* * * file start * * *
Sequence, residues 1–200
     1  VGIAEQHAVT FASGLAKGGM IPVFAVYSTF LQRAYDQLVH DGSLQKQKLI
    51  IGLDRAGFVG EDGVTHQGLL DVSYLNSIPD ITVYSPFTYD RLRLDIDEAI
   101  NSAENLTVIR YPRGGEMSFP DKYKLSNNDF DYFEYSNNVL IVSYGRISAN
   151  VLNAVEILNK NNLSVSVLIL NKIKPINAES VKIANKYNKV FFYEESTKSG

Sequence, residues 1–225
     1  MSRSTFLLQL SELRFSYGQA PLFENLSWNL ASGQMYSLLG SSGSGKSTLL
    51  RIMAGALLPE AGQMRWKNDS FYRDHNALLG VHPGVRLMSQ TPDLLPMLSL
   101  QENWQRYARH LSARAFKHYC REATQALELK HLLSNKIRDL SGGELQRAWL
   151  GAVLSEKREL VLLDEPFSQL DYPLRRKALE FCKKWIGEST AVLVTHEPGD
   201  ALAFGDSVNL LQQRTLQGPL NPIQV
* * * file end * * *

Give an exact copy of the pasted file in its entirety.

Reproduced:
Sequence, residues 1–200
     1  VGIAEQHAVT FASGLAKGGM IPVFAVYSTF LQRAYDQLVH DGSLQKQKLI
    51  IGLDRAGFVG EDGVTHQGLL DVSYLNSIPD ITVYSPFTYD RLRLDIDEAI
   101  NSAENLTVIR YPRGGEMSFP DKYKLSNNDF DYFEYSNNVL IVSYGRISAN
   151  VLNAVEILNK NNLSVSVLIL NKIKPINAES VKIANKYNKV FFYEESTKSG

Sequence, residues 1–225
     1  MSRSTFLLQL SELRFSYGQA PLFENLSWNL ASGQMYSLLG SSGSGKSTLL
    51  RIMAGALLPE AGQMRWKNDS FYRDHNALLG VHPGVRLMSQ TPDLLPMLSL
   101  QENWQRYARH LSARAFKHYC REATQALELK HLLSNKIRDL SGGELQRAWL
   151  GAVLSEKREL VLLDEPFSQL DYPLRRKALE FCKKWIGEST AVLVTHEPGD
   201  ALAFGDSVNL LQQRTLQGPL NPIQV